Honestly, I think this is what happened with him in the middle days of the UK book as well. Instead of telling the story that he had in front of him -- Galvatron running amok in the modern day, in the UK stuff; the Decepticons' infiltration protocol on Earth in IDW -- he kept introducing new elements, or getting diverted to totally different plots entirely. And then when outside situations no, let's be blunt -- when falling sales caused by people losing interest in a plot that wasn't going anywhere forced him to finally wrap things up, in both cases there wasn't nearly enough time to resolve things satisfactorily. So we got, in turns, Time Wars and Revelations/Maximum Dinobots.
Denyer wrote:
Wed Aug 14, 2019 10:34 pm
I do.
Sorry, bad phrasing on my part...I'd meant to say that it's not usually as well-regarded by most UK fans, not that no one over there liked it. :)
Denyer wrote:
Wed Aug 14, 2019 10:34 pm
The art was done for black-and-white, and some of it looks lush: Senior in particular with the angles and hard blacks.
I enjoyed the art a lot too. Senior's was probably the best of the bunch, and I say that as someone who's left cold by the man's earlier coloured work. But Wildman also got progressively better in black and white as time went on, and even the second-stringers turned in a lot of solid work.
Denyer wrote:
Wed Aug 14, 2019 10:34 pm
It's turned around as people have gotten older, and Bob's also interacted with the fandom for a while (I think the Movie adaptation can be laid squarely at IDW editorial). The greater part of the headline characters and some core concepts are his, and the profile A-Z and tech specs are a huge part of why I'm still a fan.
I totally agree. The bios he wrote were the biggest (or often only) chunk of fiction I had for most of the Transformer toys I owned as a kid, since most of them came out after the cartoon died and I didn't get into reading the comics until after Hasbro stopped caring about it, and Furman had stopped having to use the new toys as anything but crowd filler.

But I still hear a lot of people just kinda grudgingly give the man credit for all that as a preamble to dumping on the stories he wrote. And it's too bad, because probably more than 90% of his stories were perfectly enjoyable 80s superhero book fare. The tone is just so different from what people have come to expect that I think a lot of people reject it without actually giving it much of a chance. Heck, I did that too the first time I read his stories (back in the early 2000s when the site still hosted comic scans).
Denyer wrote:
Wed Aug 14, 2019 10:34 pm
Space Pirates has some highlights (that stark wall of corpses reveal and the Soundwave/Magnus alliance) and so does Time Wars even if the ending is a trite one-pager. Legacy of Unicron had that two-page sea of bodies and Smokescreen/Inferno, etc.
This is sort of what I meant. All of the stories from that era have moments to like. For example, I really enjoy the Magnus/Galvatron throwdown issue in Target: 2006 even though I'm not a fan of that arc as a whole. The Space Pirates moments you mention are a couple bright spots in another not-so-great plot. Dry Run is one of my favourite individual issues of the UK book. All the Death's Head-centric stories read well enough in isolation, etc... It's only when I put it all together and read it all in one big bunch that I realized how badly it all fit together, and how rudderless the entire gigantic story arc actually feels.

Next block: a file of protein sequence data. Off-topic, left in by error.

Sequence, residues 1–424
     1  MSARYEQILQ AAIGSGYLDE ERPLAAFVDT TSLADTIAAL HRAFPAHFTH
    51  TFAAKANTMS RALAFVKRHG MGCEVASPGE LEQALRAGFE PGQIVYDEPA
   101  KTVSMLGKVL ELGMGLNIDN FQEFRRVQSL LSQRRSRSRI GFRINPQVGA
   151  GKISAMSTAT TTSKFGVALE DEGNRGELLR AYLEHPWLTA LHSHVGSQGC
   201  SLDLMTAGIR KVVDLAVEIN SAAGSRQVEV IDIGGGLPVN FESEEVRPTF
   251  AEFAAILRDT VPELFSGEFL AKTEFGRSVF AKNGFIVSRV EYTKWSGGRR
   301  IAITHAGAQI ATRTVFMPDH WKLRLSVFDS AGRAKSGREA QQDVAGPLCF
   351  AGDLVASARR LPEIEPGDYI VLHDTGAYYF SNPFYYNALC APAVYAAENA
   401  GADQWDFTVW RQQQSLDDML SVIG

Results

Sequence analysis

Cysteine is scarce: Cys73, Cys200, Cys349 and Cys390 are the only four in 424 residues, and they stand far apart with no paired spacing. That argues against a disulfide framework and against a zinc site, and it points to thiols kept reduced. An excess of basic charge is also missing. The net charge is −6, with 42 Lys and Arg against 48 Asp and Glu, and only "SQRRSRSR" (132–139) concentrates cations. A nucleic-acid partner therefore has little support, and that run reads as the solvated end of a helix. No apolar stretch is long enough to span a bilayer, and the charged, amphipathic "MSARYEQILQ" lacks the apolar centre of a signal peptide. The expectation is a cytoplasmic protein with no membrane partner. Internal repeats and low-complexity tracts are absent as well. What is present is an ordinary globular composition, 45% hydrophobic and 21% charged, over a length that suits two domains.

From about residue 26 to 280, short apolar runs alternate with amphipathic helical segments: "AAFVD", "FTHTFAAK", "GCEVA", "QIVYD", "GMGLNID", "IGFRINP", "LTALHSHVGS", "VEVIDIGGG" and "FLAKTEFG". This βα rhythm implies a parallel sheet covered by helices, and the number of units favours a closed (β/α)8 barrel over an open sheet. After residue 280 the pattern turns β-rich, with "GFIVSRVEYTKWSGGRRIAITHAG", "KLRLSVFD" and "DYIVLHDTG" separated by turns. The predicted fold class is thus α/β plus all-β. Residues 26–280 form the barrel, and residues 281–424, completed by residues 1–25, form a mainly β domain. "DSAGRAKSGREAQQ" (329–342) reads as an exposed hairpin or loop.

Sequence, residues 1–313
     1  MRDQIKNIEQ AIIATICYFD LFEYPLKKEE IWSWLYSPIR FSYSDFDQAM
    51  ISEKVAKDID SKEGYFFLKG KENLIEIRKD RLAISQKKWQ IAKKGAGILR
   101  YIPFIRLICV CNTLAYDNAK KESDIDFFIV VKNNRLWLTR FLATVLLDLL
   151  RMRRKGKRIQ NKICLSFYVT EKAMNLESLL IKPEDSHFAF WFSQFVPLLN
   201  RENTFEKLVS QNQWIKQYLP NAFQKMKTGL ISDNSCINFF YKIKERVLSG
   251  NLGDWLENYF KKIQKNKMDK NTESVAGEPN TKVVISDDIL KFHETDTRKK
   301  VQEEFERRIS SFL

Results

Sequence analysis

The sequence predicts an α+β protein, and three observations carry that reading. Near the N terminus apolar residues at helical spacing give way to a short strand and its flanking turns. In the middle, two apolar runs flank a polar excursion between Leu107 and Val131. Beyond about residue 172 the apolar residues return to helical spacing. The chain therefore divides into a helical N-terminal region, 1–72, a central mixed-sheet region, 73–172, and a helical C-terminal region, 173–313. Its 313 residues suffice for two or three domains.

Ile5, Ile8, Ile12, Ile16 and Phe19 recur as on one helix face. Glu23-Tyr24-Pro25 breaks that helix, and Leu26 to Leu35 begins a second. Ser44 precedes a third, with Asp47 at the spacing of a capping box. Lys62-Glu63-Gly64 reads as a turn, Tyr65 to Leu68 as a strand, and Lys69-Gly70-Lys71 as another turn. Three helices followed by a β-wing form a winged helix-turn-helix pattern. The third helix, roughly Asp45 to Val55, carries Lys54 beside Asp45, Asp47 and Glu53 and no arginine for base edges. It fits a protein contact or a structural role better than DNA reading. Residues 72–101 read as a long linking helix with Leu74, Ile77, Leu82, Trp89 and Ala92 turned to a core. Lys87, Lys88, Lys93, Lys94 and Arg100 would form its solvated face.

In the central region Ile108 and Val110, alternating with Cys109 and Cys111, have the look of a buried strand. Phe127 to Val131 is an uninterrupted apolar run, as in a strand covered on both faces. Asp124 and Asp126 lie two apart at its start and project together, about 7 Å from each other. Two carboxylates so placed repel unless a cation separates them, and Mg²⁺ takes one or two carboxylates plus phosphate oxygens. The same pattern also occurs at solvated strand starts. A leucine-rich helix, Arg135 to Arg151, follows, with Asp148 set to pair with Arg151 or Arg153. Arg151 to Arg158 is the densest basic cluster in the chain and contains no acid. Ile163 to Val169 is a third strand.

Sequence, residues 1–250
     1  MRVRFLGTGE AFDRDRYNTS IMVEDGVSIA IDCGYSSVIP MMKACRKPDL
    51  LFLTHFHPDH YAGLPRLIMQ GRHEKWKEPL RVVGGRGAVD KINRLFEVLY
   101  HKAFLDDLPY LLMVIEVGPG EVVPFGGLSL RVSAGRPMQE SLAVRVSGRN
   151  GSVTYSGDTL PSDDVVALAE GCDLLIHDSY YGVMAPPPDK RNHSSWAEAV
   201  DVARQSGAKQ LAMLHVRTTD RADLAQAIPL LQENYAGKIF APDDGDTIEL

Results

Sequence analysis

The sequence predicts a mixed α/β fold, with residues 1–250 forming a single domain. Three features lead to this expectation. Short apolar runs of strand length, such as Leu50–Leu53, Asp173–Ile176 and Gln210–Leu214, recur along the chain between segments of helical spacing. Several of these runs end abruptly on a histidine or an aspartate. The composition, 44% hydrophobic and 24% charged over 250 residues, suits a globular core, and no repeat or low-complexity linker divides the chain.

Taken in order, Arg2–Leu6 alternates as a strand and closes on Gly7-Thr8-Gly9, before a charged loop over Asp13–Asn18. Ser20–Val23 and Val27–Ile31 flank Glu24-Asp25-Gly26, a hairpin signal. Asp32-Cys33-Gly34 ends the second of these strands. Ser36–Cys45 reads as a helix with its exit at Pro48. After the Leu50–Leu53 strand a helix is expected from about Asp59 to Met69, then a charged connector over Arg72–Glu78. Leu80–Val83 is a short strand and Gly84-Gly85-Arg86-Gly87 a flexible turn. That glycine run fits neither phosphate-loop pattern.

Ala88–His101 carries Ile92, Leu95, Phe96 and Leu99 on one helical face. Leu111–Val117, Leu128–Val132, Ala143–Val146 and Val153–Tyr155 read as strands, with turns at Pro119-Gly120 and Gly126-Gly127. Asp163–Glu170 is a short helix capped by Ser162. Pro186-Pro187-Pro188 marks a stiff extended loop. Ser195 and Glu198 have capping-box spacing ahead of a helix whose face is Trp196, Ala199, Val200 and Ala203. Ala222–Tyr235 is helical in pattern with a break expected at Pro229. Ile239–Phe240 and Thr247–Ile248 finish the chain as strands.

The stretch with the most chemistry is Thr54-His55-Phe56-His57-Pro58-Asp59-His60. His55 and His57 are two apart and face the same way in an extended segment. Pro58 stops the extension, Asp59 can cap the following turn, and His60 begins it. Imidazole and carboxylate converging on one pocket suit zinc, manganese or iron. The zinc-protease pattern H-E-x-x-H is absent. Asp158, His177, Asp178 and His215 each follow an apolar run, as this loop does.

Back when I first read this stuff, kinda piecemeal through various scans as I could track them down, I'd have read something like Headhunt and said "That Death's Head guy is pretty cool!" Nowadays it's more like "That Death's Head guy was pretty cool...but they spent 150 pages telling stories about him in the Transformers book to big him up for his own series, and meanwhile Ultra Magnus never got any closure because Furman ran out of space for it". Or how the sheer sense of impending doom that Dry Run creates becomes a bit of a damp squib when you know that the payoff was a pile of limp nonsense fluffed up by senseless deaths for a bunch of third-string characters.
Denyer wrote:
Wed Aug 14, 2019 10:34 pm
Storywise it's like that teaser led up to at the end of Infiltration -- had it continued, I doubt if the Liege Maximo would have quite paid off. But it was a hell of a year's worth of issues.
A Rage in Heaven was a great ending because it managed to draw a neat line under things while still making you wonder what happens next. Truly the issue that launched a thousand fanfics!
Denyer wrote:
Wed Aug 14, 2019 10:34 pm
Furman had a great grasp of stringing together short stories of 5 or 10 pages into longer arcs (even G2 was split into stories per issue) and it's understandable characters do what they need to do to convey the plot in those circumstances.
I think just in general, the more constrained or "boxed in" the man was, the better the end result. Be it the tiny page count of the black-and-white stuff, the general "put all the toys back in the box at the end" ethos of the early UK stuff or the looming threat of cancellation that was his companion through his US Marvel and G2 runs, IMO his best stuff came when he didn't have total creative control and had to fit his story into a shape imposed from outside. When he's been given free reign (as in the middle years of the UK book, or his IDW run) he just seems to get caught in a cycle of perpetual buildup with no end in sight until the door gets slammed on him unexpectedly.

If you reread G2, it's like you can spy the exact moment where the man got the news that the book for sure wouldn't be renewed past issue 12 and everything shifted into overdrive. I don't think I'd have enjoyed it anywhere near as much if we'd gotten 20 or 30 issues trundling along at the same relaxed pace as #2-#5 had.